32Nijenhuis, W.A.J., et al. (2001) AgRP (83-132) Acts as an Inverse Agonist on the Human-Melanocortin-4 Receptor, Molecular Endocrinology 15:164-171 (Exhibit 26).
33Ollmann, M.M., et al. (1997) Antagonism of Central Melanocortin Receptors in Vitro and in Vivo by Agouti-Related Protein, Science 278:135-137 (Exhibit 28).
34Palmiter, R.D., et al. (1998) Life Without Neuropeptide Y, Recent Progress in Hormone Research 53:163-199 (Exhibit 30).
35Pfaffl, M.W., et al. (2002) Real-time RT-PCR quantification of insulin-like growth factor (IGF)-1, IGF-1 receptor, IGF-2, IGF-2 receptor, insulin receptor, growth hormone receptor, IGF-binding proteins 1, 2 and 3 in the bovine species, Domestic Animal Endocrinology 22:91-102 (Exhibit 29).
36Phan, L. K. et al. The mouse mahoganoid coat color mutation disrupts a novel C3CH4 RING domain protein. The Journal of Clinical Investigation, vol. 110, No. 5, 1449-1459 (2002); (Exhibit 2).
37Roderick, T.H., et al. (1976) Chromosome 16 and mahoganoid (md), Mouse News Letter 55:16-18 (Exhibit 31).
38Saurin, A.J., et al. (1996) Does this have a familiar RING?, TIBS 21:208-214 (Exhibit 32).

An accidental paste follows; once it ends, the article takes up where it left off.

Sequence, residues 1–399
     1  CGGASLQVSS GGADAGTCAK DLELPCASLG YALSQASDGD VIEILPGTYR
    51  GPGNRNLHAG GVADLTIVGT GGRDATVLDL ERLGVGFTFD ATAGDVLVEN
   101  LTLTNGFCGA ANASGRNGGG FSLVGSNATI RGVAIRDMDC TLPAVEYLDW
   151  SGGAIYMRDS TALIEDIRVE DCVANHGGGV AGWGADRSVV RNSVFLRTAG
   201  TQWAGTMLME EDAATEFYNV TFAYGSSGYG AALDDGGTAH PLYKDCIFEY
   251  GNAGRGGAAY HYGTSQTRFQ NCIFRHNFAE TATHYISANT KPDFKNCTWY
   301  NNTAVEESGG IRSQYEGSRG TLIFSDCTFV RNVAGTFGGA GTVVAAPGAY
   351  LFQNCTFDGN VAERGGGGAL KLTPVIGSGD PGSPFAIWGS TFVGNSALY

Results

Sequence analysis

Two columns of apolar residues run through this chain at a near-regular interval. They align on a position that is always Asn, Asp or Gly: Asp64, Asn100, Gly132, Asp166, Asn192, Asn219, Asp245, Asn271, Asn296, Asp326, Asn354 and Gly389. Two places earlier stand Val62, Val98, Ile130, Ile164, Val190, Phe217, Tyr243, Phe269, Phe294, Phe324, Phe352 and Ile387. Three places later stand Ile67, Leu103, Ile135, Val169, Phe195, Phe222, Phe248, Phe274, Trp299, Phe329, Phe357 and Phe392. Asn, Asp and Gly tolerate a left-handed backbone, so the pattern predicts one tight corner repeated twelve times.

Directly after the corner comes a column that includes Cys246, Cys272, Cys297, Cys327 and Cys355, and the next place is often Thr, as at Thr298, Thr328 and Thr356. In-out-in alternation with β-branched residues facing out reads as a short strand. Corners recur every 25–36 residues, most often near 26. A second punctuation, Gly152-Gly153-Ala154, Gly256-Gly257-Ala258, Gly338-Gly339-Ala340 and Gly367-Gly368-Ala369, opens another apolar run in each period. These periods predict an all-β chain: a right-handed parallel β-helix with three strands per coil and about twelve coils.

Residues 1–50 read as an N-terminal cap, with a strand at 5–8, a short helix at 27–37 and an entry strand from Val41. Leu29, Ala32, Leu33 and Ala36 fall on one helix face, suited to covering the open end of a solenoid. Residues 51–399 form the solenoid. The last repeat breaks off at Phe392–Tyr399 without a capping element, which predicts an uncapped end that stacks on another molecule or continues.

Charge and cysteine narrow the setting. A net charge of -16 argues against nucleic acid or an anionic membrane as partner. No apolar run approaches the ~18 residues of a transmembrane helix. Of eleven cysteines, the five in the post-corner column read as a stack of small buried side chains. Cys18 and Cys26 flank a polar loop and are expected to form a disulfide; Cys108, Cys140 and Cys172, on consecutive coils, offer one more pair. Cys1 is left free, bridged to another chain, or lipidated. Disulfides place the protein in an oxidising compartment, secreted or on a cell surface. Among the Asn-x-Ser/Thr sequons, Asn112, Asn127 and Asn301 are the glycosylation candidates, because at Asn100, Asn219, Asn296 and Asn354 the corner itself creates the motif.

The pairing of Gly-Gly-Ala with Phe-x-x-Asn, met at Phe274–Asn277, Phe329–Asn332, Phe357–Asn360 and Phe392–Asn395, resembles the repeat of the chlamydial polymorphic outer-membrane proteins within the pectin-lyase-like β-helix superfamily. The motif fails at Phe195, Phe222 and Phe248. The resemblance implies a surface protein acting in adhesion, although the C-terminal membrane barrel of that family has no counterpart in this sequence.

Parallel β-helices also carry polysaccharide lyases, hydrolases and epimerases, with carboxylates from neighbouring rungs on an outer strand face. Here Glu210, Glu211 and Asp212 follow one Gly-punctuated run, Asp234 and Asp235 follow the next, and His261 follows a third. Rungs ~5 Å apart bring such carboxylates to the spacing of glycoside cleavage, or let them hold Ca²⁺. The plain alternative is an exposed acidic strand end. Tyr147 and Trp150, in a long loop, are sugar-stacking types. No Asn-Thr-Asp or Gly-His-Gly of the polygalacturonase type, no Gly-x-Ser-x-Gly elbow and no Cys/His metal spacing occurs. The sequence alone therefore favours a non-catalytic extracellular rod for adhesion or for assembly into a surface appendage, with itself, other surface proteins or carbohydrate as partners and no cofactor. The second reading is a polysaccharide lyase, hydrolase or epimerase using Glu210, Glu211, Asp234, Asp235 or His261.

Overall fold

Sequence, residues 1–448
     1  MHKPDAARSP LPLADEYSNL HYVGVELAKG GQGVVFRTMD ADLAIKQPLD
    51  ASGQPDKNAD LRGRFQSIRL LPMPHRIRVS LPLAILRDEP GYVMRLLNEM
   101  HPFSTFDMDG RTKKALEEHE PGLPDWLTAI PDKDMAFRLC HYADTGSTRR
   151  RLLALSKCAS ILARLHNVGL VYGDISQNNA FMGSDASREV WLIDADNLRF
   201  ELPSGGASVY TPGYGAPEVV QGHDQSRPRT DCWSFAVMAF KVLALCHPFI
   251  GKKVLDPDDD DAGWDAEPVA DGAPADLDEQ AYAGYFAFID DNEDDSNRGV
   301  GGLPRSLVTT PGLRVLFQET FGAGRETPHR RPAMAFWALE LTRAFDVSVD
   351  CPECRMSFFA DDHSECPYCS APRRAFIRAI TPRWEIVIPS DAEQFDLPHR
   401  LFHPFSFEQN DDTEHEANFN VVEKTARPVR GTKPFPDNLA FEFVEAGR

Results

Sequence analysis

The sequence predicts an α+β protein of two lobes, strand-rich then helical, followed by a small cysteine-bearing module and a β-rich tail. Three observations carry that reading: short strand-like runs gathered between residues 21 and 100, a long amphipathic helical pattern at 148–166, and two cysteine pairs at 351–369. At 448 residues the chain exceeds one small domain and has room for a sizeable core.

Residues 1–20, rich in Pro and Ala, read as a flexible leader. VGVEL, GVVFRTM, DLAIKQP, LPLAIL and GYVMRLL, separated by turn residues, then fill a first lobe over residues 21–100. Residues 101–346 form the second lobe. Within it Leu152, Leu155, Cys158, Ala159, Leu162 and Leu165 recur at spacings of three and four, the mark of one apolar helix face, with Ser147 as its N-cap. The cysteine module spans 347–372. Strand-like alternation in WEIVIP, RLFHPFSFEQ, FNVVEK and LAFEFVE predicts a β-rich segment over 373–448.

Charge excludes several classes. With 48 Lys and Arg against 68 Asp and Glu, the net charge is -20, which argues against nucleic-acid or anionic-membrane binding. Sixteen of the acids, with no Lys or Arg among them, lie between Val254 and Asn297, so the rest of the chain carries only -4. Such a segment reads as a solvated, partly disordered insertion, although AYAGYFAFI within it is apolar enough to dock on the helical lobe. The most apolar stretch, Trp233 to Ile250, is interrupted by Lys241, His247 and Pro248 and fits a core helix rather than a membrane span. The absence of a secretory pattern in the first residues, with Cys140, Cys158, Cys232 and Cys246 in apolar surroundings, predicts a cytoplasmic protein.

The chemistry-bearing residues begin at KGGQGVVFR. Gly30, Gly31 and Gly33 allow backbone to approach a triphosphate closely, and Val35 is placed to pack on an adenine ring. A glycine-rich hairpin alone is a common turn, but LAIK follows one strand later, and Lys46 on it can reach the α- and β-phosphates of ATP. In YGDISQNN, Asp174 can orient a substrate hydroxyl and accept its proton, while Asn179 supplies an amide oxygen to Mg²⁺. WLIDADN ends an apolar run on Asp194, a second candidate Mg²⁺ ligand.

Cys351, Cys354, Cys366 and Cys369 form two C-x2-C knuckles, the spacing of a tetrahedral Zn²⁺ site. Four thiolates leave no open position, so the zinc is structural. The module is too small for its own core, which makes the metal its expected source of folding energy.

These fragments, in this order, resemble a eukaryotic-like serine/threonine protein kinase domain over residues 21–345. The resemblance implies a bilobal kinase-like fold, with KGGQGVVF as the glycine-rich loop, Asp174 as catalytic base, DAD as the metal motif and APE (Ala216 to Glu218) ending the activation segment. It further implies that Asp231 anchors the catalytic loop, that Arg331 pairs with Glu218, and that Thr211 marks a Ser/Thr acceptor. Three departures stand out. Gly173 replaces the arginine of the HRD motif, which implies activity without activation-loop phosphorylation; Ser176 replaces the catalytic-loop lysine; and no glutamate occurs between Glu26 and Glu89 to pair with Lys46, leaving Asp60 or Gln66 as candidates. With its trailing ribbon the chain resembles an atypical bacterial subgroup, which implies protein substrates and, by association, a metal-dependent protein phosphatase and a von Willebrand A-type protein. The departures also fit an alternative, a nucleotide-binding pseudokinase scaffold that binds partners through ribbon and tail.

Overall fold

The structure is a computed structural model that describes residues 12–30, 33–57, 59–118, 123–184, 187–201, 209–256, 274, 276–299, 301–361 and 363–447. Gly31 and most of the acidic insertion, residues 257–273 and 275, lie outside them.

39Seperack, P.K., et al. (1995) Retroviral sequences located within an intron of the dilute gene alter dilute expression in a tissue-specific manner, The EMBO Journal 14:2326-2332 (Exhibit 33).
40Venter, J.C., et al. (2001) The Sequence of the Human Genome, Science 291:1304-1351 (Exhibit 34).
41Weissman, A.M. (2001) Themes and Variation of Ubiquitylation, Molecular Cell Biology 2:169-178 (Exhibit 35).
42Wolff, G.L., et al. (1978) Phaeomelanin synthesis and obesity in mice, The Journal of Heredity 69:295-298 (Exhibit 36).
43Yeo, G.S.H., et al. (2000) The role of melanocortin signaling in the control of body weight: evidence from human and murine genetic models, Q.J. Med. 93:7-14 (Exhibit 37); and.
44Zheng, N., et al. (2000) Structure of a c-Cb1-UbcH7 Complex: RING Domain Function in Ubiquitin-Protein Ligases, Cell 102:533-539 (Exhibit 38).
Classifications
U.S. Classification530/350, 536/23.1, 536/23.5, 435/69.1
International ClassificationC12N15/16, C07H21/00, C07K14/435, C12N9/00, A61K38/00
Cooperative ClassificationA61K38/00, C12N9/93
European ClassificationC12N9/93